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How Did This Malaysian Rent in Bangsar Without Going Broke?

BY Contributor - iProperty

Updated 19 Oct 2018

With property prices soaring and salaries remaining stagnant, is it any surprise that most millennial Malaysians find it almost impossible to decide on a dream home? Ultimately, the main deciding factor would be one’s budget; everything else falls into place once you’ve determined the price within your affordability range.

But let’s say you’ve decided to rent a room while at the same time save up money for the day you can finally put down cash for a downpayment. The first thing you should be asking yourself is if you’d like to rent a place for the convenience of its location or the amenities it offers to support your lifestyle.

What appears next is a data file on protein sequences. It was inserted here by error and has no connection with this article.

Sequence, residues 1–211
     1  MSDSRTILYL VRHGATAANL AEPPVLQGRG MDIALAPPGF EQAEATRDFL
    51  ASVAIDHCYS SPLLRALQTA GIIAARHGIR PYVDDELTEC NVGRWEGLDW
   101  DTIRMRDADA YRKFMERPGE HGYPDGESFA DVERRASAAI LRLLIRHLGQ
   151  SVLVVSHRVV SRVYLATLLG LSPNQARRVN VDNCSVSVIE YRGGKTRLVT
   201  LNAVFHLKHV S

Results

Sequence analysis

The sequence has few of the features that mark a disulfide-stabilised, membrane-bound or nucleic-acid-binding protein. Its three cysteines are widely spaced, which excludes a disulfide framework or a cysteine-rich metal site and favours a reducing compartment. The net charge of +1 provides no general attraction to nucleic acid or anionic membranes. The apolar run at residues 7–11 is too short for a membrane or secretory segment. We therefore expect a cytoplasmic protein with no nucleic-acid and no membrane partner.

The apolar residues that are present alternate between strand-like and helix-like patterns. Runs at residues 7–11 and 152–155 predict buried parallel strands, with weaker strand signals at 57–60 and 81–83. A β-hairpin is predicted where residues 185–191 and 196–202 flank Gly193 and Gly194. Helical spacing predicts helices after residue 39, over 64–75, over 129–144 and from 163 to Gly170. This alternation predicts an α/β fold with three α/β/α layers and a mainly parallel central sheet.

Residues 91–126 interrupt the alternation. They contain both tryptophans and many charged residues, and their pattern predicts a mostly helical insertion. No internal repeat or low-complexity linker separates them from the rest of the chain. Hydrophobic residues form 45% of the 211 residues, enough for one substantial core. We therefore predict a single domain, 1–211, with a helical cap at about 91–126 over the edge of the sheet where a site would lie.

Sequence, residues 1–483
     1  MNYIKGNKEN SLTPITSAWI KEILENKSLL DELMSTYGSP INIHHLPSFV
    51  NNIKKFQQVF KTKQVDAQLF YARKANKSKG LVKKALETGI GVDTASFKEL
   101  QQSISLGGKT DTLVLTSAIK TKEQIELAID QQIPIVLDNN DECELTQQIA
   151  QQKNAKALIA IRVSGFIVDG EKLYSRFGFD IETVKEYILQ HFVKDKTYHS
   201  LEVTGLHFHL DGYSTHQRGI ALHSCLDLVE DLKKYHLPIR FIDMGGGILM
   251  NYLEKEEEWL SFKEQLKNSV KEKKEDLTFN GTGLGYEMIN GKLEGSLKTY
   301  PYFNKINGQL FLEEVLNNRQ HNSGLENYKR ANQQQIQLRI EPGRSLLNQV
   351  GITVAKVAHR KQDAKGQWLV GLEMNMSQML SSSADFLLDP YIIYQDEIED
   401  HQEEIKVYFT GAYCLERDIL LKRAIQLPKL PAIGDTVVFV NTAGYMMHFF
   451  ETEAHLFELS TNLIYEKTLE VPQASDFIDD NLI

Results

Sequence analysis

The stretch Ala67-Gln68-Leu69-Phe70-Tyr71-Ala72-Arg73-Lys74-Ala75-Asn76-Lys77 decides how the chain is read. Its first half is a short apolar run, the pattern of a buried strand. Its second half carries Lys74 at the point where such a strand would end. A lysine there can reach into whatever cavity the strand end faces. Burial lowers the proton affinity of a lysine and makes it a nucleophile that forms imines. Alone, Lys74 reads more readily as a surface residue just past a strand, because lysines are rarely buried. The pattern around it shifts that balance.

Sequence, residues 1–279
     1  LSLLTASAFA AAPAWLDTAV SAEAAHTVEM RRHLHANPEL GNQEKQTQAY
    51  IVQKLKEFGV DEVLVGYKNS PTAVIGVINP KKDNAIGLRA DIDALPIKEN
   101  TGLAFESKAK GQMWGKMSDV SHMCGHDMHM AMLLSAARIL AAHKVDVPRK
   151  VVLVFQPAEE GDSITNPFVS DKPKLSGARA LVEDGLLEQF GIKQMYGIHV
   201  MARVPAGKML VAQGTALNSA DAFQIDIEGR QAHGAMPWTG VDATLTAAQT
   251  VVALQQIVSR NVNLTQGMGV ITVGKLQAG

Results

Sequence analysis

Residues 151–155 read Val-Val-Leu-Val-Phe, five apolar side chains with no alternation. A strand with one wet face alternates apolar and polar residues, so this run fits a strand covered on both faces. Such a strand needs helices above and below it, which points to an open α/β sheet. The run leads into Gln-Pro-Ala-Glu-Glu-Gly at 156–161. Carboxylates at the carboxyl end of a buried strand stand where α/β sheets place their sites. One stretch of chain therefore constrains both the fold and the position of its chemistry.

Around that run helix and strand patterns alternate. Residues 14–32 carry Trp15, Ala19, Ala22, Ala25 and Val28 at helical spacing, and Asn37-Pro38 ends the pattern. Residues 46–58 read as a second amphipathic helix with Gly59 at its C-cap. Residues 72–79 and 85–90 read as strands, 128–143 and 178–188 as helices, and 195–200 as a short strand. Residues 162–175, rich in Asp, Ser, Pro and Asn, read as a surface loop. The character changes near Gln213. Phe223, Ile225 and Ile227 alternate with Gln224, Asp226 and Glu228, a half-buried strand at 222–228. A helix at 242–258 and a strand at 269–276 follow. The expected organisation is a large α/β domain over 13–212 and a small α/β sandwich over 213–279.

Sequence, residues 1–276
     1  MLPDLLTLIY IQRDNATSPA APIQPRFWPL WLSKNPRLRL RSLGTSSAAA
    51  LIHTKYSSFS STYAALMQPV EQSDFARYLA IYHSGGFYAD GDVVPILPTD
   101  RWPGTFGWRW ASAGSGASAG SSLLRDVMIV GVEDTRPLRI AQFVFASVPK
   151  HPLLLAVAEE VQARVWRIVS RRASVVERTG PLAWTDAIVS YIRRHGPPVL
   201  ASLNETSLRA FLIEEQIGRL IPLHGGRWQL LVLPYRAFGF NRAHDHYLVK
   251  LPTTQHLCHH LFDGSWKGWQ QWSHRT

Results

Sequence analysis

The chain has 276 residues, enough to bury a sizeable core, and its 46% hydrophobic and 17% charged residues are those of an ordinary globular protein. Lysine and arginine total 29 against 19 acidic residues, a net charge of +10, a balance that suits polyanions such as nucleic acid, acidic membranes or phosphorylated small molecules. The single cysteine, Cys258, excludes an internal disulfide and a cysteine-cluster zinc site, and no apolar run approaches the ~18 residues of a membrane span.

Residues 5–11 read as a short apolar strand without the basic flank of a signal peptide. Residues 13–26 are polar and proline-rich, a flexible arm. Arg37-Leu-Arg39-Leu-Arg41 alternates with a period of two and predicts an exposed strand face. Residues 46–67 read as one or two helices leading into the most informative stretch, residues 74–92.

For this topic, we’ve got iProperty writer Reena Kaur Bhatt onboard to talk about her experience on how she ‘upgraded’ to a Bangsar rental and got the best of both worlds: location and lifestyle rolled into one!


What's covered in this article?

Of opportunity costs and trade-offs

When you choose or settle for a smart alternative over an idealistic one, you’re doing so for the value it provides you – maximum returns at minimum cost. This is otherwise known as ‘opportunity cost’. For example, I decided against purchasing a car and relying instead on public transportation and ride-sharing services, such as Grab.

My reason was simple: to minimise my living costs, and to maximise my savings. I’ll be able to use the extra funds for investment purposes and downpayment on my first property. My calculations showed that a Myvi would cost me RM855 per month - loan instalments (RM574) plus petrol (RM81) and parking (RM200).

On the other hand, taking a Grab to and from work (my office is located in Mid Valley) would only cost me approximately RM400 a month (RM20 daily). There are, of course, some cons to bear in mind such as higher prices during peak periods. At the end of the day though, these small trade-offs are worth it.


I’m a Bangsarian, and I’m not breaking the bank!